In 1951 the Swiss made film Four in a Jeep put another view of postwar Vienna onto the world’s movie screens, after the bleak insights of Carol Reed’s The Third Man. Four sergeants, each in their distinctive national uniforms, are patrolling the shattered city as representatives of their occupying armies. The mood is upbeat, four national stereotypes colliding, crammed into their iconic American Jeep. Seventy-five years after the end of hostilities, Kanzler Sebastian Kurz invited the four victorious powers to send a video greeting to Austria. As the daily Die Presse reported, all four replied – in their own distinctively national style.
Russian President Vladimir Putin (many years a KGB agent in Dresden) replied in German: “Liebe Freunde, Grüß Gott.” He went on to extoll the sacrifices of the Soviet people and to congratulate “the re-birth of an independent, dynamic and democratic Austria.” The old Russian strategic ploy of treating Austria as a not quite fully-paid-up member of the anti-Soviet capitalist front is still in play.
Donald Trump, uncharacteristically brief, sent in a thirty-second clip, somewhat ambiguously proclaiming his relationship to Austria and Europe “stronger than ever.” And of course, “The Chancellor is doing a fantastic job,” he added, using a favorite adjective normally reserved for his loyalists, and of course, himself.
Foreign Secretary Dominic Raab contributed for Britain. As the son of Czech Jewish parents, who had lost many relatives in the Holocaust, his message had an especially personal significance: “Nie wieder!” (never again!) he signed off in German.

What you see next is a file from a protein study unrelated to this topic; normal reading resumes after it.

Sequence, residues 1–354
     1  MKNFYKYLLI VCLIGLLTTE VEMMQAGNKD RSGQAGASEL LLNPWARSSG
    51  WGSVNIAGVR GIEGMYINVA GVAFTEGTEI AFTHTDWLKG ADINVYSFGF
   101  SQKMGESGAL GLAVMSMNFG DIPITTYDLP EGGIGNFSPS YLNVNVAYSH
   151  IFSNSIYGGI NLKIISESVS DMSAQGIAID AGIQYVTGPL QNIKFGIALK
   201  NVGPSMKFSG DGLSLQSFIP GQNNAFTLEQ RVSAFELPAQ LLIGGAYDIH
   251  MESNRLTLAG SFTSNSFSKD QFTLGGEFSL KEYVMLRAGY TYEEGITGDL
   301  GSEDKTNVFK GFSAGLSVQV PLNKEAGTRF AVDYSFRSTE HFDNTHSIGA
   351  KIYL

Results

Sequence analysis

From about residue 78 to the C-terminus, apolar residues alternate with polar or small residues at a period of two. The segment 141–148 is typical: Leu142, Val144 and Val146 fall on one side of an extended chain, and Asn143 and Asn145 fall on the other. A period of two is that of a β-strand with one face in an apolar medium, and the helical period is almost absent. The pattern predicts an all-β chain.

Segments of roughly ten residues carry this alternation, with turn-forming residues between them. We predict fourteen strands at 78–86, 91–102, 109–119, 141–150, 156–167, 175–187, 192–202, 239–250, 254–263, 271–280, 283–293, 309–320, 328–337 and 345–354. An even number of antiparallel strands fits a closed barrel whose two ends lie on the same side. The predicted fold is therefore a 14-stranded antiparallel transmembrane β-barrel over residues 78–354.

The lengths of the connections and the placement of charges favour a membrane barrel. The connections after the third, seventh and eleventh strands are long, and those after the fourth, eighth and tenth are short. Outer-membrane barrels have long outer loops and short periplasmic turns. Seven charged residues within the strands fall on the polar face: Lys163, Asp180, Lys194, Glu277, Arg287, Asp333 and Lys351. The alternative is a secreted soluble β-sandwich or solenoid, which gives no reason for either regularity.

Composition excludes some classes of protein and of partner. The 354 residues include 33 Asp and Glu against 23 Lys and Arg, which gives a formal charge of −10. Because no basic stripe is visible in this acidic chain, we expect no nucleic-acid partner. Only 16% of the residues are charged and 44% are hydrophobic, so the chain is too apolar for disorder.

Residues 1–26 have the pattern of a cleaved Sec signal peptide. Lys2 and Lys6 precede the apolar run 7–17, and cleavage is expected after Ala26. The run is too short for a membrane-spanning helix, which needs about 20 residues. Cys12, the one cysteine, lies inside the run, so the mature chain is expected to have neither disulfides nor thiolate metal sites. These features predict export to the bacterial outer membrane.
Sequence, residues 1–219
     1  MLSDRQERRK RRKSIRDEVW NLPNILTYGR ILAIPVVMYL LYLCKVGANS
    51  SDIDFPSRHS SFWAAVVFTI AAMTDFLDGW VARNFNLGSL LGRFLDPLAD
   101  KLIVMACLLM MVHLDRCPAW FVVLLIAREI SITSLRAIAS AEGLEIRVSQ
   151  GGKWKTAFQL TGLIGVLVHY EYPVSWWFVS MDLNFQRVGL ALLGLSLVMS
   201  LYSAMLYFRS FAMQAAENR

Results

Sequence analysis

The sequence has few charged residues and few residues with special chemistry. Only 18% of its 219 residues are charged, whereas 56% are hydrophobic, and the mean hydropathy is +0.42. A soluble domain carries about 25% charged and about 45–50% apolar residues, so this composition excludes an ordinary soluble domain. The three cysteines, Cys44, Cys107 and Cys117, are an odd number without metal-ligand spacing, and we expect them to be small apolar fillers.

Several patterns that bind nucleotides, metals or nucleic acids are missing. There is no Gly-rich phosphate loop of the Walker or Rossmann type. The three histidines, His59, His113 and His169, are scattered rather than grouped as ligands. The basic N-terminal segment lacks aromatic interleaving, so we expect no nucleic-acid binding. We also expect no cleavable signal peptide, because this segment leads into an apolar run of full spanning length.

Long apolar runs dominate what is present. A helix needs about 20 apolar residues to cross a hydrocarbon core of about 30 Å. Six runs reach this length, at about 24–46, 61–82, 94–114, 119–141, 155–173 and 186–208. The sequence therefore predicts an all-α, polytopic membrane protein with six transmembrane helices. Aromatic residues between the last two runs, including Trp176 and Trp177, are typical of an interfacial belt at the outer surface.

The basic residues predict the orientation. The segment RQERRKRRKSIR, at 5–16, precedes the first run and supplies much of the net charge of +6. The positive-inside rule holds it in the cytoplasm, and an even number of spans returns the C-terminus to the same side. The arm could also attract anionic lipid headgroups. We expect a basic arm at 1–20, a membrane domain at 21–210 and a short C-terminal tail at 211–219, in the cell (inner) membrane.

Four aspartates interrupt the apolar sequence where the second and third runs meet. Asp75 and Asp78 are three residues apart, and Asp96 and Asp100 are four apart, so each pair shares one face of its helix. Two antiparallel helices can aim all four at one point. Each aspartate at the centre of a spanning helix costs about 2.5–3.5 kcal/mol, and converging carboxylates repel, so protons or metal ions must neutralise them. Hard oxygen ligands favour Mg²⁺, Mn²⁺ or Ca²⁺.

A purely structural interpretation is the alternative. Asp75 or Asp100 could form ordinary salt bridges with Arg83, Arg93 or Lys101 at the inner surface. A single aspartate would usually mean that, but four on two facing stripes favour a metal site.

As befits a founding member of what is now the European Union, France took the opportunity to stress the importance of multinational solidarity in difficult times with French Ambassador Francois Saint-Clair striking a very timely note: The Coronavirus must not be allowed to again divide the Continent. “Es lebe Österreich!” (Long live Austria!) he closed, also in German, echoing the ringing finale of Austria’s declaration of full independence in 1955.
Perhaps we are ready for a re-make of Four Men in a Jeep, harking back to more optimistic, if not simpler, times. Today, though, it would be the cramped confines of a baby SUV – too much comfort in too little space – as the analogy for our continued inter-dependence. Could strike just the right note.